I imagine consumers of the 1960s would be horrified if they knew what marketers can do to them now. To think that their thoughts can now light up a monitor screen in the form of brain activation or retailers might know their daughter’s pregnant before they do (et tu, Target?).
50 years later, we have computers, and algorithms which used to take days to run now only take seconds. While analysts of ages past were often slaves to Excel and had to build their own bridges, data analysis nowadays is easy and comes complete with nice intuitive graphic interfaces. This democratization of data has made marketers happy and market researchers somewhat weary.
Why? Because market researchers think it their prerogative to keep tabs on what’s going out to their business partners. When marketers brought home an analytics team, often conveniently embedded in their own function, market research sulked over their loss of control. When the analytics team started brandishing social media listening tools and data mining algorithms, some marketing functions started wondering if market research will go the way of dinosaurs with their surveys and focus groups. This premature tendency to ditch established methods is what one might call the Shiny Object Syndrome in analytics.
In reality however, this war of methods is much less a fight to the death than it is a simple redrawing of boundaries. Some toes may be stepped on, but no one’s head should be rolling. In fact, on a higher level, it is driven by a common urgency to better understand the consumer and the ecosystem he/she lives in. When we polled our members earlier this year, marketers say they want to strive for agility partly through better use of data and market researchers say they’re aiming for more relevance through methodology innovation. It seems reasonable to conclude that the smart market researcher would work with, instead of around or against the analytics team, using the newer methods to sharpen and inform the traditional ones. At the same time, the smart marketer would know to take advantage of what both teams have to offer to get at a more holistic picture of the customer and the marketplace.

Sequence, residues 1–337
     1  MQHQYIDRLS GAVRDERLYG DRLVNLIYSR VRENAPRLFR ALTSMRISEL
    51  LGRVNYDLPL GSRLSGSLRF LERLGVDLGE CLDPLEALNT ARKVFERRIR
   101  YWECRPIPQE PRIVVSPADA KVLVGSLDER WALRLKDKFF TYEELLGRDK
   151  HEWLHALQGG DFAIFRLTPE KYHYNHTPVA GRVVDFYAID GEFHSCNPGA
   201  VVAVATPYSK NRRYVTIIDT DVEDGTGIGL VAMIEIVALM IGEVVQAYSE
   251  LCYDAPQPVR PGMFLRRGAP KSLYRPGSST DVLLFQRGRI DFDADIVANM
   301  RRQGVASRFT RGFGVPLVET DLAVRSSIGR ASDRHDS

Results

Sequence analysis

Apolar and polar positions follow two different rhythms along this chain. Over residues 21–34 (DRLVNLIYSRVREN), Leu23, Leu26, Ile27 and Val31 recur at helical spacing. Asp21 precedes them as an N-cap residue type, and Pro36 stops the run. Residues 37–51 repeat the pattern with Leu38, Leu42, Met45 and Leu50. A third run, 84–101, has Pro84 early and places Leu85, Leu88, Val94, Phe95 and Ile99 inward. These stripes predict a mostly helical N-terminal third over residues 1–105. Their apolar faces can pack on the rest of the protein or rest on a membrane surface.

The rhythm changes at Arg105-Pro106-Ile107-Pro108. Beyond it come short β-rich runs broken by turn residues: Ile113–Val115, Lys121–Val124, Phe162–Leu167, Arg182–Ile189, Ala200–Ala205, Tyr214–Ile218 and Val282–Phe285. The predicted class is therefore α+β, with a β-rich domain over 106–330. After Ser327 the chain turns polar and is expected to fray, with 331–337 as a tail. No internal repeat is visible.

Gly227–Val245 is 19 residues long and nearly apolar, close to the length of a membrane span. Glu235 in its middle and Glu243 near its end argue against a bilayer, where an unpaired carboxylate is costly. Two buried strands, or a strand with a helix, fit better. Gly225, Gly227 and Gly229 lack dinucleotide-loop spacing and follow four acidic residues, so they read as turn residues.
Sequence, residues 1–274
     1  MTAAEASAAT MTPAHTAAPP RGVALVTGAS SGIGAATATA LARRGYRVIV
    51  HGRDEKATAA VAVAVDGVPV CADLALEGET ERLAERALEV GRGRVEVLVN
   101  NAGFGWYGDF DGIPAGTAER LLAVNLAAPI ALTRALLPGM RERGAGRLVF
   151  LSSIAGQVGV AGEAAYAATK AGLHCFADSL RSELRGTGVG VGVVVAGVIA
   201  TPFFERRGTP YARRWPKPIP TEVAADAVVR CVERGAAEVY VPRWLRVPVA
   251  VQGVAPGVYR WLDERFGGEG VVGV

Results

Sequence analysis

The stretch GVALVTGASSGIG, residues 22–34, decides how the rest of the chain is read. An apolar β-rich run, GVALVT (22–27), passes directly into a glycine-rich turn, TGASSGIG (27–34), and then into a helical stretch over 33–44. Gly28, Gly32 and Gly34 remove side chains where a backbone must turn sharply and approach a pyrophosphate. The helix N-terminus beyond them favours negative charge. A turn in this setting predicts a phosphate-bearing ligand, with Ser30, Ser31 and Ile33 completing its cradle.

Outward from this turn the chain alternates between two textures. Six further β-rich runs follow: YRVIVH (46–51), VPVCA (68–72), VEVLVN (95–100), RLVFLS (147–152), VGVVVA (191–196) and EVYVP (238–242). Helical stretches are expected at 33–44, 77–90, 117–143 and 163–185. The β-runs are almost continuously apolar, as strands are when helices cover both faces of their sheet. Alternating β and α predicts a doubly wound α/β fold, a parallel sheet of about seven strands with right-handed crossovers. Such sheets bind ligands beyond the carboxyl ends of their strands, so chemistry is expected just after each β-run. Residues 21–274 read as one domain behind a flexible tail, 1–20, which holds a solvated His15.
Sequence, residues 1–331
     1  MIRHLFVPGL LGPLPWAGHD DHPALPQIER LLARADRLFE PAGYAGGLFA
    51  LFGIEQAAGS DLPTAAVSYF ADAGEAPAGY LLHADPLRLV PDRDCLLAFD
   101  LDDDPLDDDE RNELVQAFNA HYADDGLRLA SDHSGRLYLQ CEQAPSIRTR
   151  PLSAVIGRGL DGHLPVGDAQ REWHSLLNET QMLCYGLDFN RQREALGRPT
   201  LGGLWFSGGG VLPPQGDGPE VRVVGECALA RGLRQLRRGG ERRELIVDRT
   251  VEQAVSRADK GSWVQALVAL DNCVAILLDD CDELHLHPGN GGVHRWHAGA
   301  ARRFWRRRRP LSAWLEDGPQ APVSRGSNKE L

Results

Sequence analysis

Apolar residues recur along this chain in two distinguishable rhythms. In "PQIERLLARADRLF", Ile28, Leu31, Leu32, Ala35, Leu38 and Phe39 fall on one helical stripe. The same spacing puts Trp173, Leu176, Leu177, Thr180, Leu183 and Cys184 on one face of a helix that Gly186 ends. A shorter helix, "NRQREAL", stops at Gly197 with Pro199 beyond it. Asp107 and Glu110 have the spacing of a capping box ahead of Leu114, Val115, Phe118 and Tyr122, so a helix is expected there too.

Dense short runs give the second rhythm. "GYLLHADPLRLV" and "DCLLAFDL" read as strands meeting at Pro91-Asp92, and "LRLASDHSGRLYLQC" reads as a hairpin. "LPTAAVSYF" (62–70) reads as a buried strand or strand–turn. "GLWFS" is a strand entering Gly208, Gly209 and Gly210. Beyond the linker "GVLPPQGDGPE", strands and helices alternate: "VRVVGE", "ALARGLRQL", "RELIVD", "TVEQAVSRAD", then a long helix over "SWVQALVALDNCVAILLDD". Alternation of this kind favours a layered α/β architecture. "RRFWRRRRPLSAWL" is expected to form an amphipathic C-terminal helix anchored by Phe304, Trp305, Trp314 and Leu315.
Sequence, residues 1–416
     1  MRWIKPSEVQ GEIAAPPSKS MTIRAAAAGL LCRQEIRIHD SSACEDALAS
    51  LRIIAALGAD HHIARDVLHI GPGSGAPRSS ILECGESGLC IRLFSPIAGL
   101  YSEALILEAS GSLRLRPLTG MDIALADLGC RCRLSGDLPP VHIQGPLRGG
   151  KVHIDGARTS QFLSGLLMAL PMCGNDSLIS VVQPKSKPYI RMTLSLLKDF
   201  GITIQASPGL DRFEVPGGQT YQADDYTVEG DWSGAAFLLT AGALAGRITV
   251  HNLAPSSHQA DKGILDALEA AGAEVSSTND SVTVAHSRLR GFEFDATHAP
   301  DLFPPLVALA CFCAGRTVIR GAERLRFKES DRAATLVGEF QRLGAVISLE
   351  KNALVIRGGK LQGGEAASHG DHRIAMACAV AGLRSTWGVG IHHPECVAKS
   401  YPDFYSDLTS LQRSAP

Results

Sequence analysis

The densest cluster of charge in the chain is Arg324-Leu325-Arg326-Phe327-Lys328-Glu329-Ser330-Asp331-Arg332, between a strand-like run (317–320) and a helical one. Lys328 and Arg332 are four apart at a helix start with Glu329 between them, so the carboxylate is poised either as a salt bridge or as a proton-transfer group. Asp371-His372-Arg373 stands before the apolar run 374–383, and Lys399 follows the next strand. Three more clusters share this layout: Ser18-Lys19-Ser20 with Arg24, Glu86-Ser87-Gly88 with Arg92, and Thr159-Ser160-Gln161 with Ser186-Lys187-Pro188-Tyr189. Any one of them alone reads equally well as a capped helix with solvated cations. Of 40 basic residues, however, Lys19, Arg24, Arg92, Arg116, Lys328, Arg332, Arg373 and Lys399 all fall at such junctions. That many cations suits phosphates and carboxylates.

From my particular perch – where I do data analysis and also listen to our members talk about their data strategy, there seem to be at least two ways that traditional and new methods complement each other:
- New methods excel at getting the “what;” traditional methods excel at getting the “why.” Freaky as it may be, if a company can collect, buy, link and mine my transactional, browsing and social media data then their knowledge of me is 1000 times better than if I’d sat in a focus group for 3 hours. But to act on that knowledge, one has to know why I did the things I did or even why I did them in a particular order. Why did I for example, looked at one website but bought from another? Was it because of simpler checkout? Lower price? More selection? Detailed reviews? More product views? Or a combination of the above? Understanding my deeper motivation in its granular detail would require some conversation, which you could get through a focus group conversation or through a targeted survey. To drive the point home, this is a bit like digging for gold, your new method is the metal detector, your traditional method is the shovel. You need both to succeed.
- New methods are “data led,” traditional methods and “hypothesis led.” Whether it is writing a survey or conducting focus groups, one usually goes in with a list of things to prove or disprove – be it orange packaging improves perception or factor A drives customer loyalty. Hypotheses may be modified or scratched, but the process always starts with a story, however vague at first. With newer methods like data mining, the process is flipped on its head, you go in being open-minded about all possibilities, scanning the entire terrain to see which one data seem to support, then pressure test it for a credible story. To “think outside the box,” data mining adds unique value by allowing you to start without one. Whichever way you choose, where you start is much less important than finally coming full circle to the reasonable conclusion.
How has new data sources/new methodology worked for you? Success story? Headache? Leave me a comment or email me at email@example.com.
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